I just dread walking into the clinic. For nearly two years I have gone in at least two dozen times. For the past 6 months most of the visits have ended in tears.
Life wasn’t supposed to be this way. I was supposed to finish school, get settled in my career, pay off the student loans, find a good husband and it would all be fine. I managed to do all of those things but it took a lot longer than it was supposed to. I live in a city with outrageous house prices which require working more than full time in order to make ends meet. Combine that with a husband who is away on business most weeks, with his own uncertainties, and my work which has a lot of last minute evening and weekend work to the tune of 60+ hours a week, and we only just barely figured out how to look after our own needs. We never seemed to be anywhere close to being able to throw an infant into the mix, especially when I am not eligible for any maternity leave and might be able to get a couple of weeks off if I’m lucky. I have never taken more than 5 days off in a row for over 10 years, usually a holiday is taking an extended weekend. Somewhere I seem to have made the wrong career choice. It’s always been a “well, this time next year things will be better”. But then it’s always the same. The thought of carrying on like this and adding sleep deprivation and child care arrangements into the mix is terrifying, so it was always “maybe next year”.
My visits to the clinic started off gently enough. I thought we just needed a little help and that we wouldn’t need to do the big ticket IVF. Well, after a few months of insemination treatments we were told that there was really no point in continuing, that we were looking at IVF. Big, expensive, IVF. It took about 5 months from that appointment until the start of the first round of IVF. My husband had switched jobs and we were hoping that his new benefits plan would offset some of the costs. It turned out to not be the case, we’d be entirely on the hook for the costs.
I knew that IVF wasn’t one of the easiest things and that there might be needles involved, but I was totally unprepared when I learned that I would be injecting myself three times a day for about 10 days. It really takes a strong willed person to be able to do that. And then there were the bills. The clinic fees were about $8000. I left the first day with about $3000 worth of prescription medication on top of the clinic fees and the stress of not knowing how I was going to pay that credit card bill when it came due.
I had a class at the clinic to teach me how to do the injections. But it never stopped terrifying me at home when I prepped the needles and realized that there was about $900 worth of medication in that needle and I had better not mess it up. (the other two daily injections cost considerably less)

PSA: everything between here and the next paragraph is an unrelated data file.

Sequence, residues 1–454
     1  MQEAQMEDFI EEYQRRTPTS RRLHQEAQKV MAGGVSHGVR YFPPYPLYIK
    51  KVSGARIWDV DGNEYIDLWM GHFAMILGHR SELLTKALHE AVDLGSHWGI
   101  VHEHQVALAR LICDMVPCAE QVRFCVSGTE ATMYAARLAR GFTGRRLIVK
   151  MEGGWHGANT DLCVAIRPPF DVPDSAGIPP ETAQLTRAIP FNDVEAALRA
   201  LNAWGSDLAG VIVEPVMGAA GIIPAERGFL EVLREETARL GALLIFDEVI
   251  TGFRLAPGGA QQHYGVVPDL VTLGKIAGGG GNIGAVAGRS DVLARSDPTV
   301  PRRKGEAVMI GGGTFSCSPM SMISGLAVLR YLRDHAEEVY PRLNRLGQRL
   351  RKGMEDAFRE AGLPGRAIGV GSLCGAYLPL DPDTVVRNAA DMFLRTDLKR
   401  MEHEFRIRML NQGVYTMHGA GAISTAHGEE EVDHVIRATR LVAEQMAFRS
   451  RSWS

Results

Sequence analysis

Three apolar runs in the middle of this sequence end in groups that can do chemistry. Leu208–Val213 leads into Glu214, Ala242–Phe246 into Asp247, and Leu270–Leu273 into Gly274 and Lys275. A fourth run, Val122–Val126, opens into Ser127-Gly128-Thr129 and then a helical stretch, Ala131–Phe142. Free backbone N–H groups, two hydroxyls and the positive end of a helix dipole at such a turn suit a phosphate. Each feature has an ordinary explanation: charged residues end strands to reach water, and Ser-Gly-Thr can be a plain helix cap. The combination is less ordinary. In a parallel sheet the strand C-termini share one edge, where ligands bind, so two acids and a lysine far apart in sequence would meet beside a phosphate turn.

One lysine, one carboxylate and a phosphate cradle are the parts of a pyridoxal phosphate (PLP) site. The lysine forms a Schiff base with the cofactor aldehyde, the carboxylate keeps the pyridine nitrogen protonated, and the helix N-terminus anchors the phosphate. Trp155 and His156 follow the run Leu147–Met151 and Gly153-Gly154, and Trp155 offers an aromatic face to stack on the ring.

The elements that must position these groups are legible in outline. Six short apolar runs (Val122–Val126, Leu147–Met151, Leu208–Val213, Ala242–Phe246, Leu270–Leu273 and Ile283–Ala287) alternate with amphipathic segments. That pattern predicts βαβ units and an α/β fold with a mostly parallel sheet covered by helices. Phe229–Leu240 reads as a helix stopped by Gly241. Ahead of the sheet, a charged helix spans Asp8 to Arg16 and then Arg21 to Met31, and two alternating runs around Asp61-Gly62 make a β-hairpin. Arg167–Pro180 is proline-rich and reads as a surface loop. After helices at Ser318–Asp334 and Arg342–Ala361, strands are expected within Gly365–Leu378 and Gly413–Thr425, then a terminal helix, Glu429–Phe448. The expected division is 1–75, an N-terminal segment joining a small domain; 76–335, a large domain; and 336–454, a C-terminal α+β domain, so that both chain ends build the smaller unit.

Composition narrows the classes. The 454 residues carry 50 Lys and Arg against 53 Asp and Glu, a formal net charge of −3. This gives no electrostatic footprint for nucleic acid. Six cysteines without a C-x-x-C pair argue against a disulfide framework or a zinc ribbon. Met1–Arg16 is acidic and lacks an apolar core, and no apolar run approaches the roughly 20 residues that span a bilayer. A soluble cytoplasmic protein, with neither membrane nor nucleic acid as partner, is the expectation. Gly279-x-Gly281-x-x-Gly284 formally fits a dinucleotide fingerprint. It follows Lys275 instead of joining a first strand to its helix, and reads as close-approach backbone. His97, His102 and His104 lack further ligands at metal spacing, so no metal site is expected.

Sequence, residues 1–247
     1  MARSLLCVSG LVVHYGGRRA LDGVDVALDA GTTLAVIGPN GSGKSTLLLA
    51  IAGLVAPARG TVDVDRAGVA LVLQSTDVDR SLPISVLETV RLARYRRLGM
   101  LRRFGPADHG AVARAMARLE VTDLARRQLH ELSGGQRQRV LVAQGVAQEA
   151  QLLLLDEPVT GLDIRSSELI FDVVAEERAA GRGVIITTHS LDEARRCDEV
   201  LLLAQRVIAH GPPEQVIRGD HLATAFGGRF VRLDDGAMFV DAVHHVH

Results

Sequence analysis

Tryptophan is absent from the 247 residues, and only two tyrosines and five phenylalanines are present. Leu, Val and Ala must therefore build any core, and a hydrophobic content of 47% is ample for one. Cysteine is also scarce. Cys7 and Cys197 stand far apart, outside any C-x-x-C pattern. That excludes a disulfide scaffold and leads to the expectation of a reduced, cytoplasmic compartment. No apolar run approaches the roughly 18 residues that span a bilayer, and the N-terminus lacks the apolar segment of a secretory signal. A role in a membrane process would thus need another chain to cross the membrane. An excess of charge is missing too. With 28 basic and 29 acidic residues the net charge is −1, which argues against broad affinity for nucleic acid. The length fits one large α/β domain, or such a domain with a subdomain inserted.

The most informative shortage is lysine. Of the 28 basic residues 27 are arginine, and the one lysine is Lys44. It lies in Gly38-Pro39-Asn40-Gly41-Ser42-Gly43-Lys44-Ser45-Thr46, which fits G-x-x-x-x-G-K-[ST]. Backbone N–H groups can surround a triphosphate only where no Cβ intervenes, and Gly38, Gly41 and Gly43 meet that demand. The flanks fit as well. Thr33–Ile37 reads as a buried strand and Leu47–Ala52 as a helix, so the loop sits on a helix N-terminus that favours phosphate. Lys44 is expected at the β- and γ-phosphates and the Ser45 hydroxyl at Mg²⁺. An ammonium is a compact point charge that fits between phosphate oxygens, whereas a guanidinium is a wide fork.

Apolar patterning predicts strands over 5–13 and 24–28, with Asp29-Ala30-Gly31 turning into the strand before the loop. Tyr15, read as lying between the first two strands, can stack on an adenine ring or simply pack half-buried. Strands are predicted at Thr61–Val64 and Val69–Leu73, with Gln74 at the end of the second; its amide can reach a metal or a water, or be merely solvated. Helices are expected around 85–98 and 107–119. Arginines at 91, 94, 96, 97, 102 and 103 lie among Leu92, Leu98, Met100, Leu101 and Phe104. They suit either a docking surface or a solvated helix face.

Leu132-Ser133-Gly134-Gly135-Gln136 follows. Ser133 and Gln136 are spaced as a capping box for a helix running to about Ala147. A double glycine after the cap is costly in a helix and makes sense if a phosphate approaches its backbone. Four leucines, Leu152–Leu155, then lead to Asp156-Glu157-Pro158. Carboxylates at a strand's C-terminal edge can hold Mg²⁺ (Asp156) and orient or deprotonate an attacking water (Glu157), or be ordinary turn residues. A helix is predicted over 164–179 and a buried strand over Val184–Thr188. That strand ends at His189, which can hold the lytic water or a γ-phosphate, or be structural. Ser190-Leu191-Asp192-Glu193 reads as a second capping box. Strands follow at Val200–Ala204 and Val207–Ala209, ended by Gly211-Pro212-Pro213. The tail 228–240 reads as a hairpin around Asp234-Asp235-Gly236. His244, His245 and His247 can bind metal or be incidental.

I responded okay to the treatment, but had to stay on the injections for about four days longer than they had initially scheduled, with medication costs of nearly a thousand dollars a day. I had follow up appointments every two days involving blood tests and internal exams. At each appointment I was in a room with about a dozen other women all waiting their turns for blood work and ultrasounds, and no one said a word to each other. We were no doubt all unhappy to be there. Everyone is told that their appointment time is at 7:30am, but that the clinic opens at 7 so you could arrive earlier. If I got there at 7:30am I wouldn’t get out until at least 9am because I’d be at the back of the line. So I would show up earlier and earlier for an appointment and wait outside the door. If I got there are 6:45am, I’d be about ninth in line. 6:30am meant I’d be third or fourth in line. I never thought I’d be camping out in line for blood work and ultrasounds.
Finally it would be my turn for blood work, then an ultrasound. Then the inevitable prescription for another couple of days of medication. What a horrible feeling to be presented with a few thousand dollars more in bills and just not knowing when it was going to end. With each visit I’d get new bruises on my arms from the blood tests, and with each day I’d get more bruises on my stomach from the three injections per day. I looked quite beat up by the end of it.
Finally, it did end and my egg retrieval surgery was booked. They retrieved eight eggs, and every day the embryologist would phone with updates. They all fertilized and four of them made it to day 5 in great condition.
Later on we scheduled the embryo transfer. The clinic’s advice was that I needed to transfer a minimum of two as the statistics are that only 30% or so of the embryos take, and a less than 5% chance of both taking. Meaning twins. I am terrified of the idea of having twins. My husband turned a bit purple with that news, but the reassurance of the twins risk being so low, and that in fact by transferring the second one you give the first one a better chance of taking made it make sense to follow the advice.
I had the two embryos transferred and two weeks later was booked for a blood test to see if either of the embryos took. It was a very tense time waiting. While on the one hand finding the whole pregnancy possibility daunting, on the other I didn’t know what I’d do if it didn’t work, I didn’t want to face the needles again. It came as a surprise to get the call about the test results and to find out that it had worked. They booked me in for a scan in four weeks’ time and it took a while to adjust to the news, I couldn’t believe it had worked! I would have daycare to sort out, no maternity leave, no family to help me, a husband working out of town, a budget with no extra room, and work hours that can be absolutely volatile. But I was going to get it all figured out.